The 11-Year Quest to Create Disappearing Colored Bubbles
Chemical burns, ruined clothes, 11 years, half a million dollars—it's
not easy to improve the world's most popular toy. Yet the success of one
inventor's quest to dye a simple soap bubble may change the way the
world uses color
By Mike Haney | December 2005
Tim Kehoe has stained the whites of his eyes deep blue. He's also
stained his face, his car, several bathtubs and a few dozen children.
He's had to evacuate his family because he filled the house with noxious
fumes. He's ruined every kitchen he's ever had. Kehoe, a 35-year-old toy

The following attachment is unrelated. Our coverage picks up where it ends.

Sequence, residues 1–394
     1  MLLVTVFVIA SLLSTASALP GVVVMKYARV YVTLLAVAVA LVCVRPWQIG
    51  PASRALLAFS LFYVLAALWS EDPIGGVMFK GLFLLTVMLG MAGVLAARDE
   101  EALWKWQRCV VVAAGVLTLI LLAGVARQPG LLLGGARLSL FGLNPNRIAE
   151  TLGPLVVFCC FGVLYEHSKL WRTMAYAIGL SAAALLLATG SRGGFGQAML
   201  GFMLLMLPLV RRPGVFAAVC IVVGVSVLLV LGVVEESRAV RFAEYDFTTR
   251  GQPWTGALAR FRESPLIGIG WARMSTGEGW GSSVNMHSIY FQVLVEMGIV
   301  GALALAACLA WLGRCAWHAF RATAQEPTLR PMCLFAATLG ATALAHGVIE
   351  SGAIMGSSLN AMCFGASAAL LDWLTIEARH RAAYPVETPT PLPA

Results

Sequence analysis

inventor from St. Paul, Minnesota, has done all this in an effort to
make real an idea he had more than 10 years ago, one he's been told
repeatedly cannot be realized: a colored bubble.
No, not the shimmering rainbow effect you see when the light catches a
clear soap bubble. Kehoe's bubble would radiate a single, vibrant hue
throughout the entire sphere—a green bubble, an orange bubble, a
hot-pink bubble. It's a bubble that can make CEOs giggle and stunned
mothers tear up in awe. It's a bubble you don't expect to see,
conditioned as you are to the notion that soap bubbles are clear. An
unnaturally beautiful bubble.
Share and enjoy,
*** Xanni ***
Chief Scientist, Xanadu
Partner, Glass Wings
Manager, Serious Cybernetics
All comments are Copyright © their respective authors.